Neuronal HIF-1α in the nucleus tractus solitarius contributes to ventilatory acclimatization to hypoxia.

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The Journal of physiology


KEY POINTS: We hypothesized that hypoxia inducible factor 1α (HIF-1α) in central nervous system (CNS) respiratory centers is necessary for ventilatory acclimatization to hypoxia (VAH); VAH is a time-dependent increase in baseline ventilation and the hypoxic ventilatory response (HVR) occurring over days to weeks of chronic sustained hypoxia (CH). Constitutive deletion of HIF-1α in CNS neurons in transgenic mice tended to blunt the increase in HVR that occurs in wild-type mice with CH. Conditional deletion of HIF-1α in glutamatergic neurons of the NTS during CH significantly decreased ventilation in acute hypoxia but not normoxia in CH mice. These effects are not explained by changes in metabolic rate nor CO2 and there were no changes in the HVR in normoxic mice. HIF-1α mediated changes in gene expression in CNS respiratory centers are necessary in addition to plasticity of arterial chemoreceptors for normal VAH.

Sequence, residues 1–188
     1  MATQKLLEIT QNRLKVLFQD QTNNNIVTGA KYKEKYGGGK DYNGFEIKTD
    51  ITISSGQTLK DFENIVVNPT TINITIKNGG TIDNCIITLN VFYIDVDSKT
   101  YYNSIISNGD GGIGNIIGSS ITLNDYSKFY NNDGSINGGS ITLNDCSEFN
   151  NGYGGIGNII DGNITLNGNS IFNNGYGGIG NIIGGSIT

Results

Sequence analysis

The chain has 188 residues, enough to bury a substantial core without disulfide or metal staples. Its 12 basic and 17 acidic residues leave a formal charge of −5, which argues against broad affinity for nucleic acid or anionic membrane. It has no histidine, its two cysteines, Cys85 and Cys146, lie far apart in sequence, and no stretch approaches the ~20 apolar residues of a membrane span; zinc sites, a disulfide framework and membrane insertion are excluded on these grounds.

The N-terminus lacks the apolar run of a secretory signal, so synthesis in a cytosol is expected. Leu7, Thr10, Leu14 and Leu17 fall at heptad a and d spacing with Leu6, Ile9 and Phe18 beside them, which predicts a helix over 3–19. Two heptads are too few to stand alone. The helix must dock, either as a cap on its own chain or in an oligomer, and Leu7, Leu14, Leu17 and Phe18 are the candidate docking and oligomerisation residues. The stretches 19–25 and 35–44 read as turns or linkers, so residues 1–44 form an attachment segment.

ABSTRACT: Chronic hypoxia (CH) produces a time-dependent increase of resting ventilation and the hypoxic ventilatory response (HVR) that is called ventilatory acclimatization to hypoxia (VAH). VAH involves plasticity in arterial chemoreceptors and the central nervous system (e.g. nucleus tractus solitarius, NTS) but signals for this plasticity are not known. We hypothesized hypoxia inducible factor 1-α (HIF-1α), an O


Pulmonary Medicine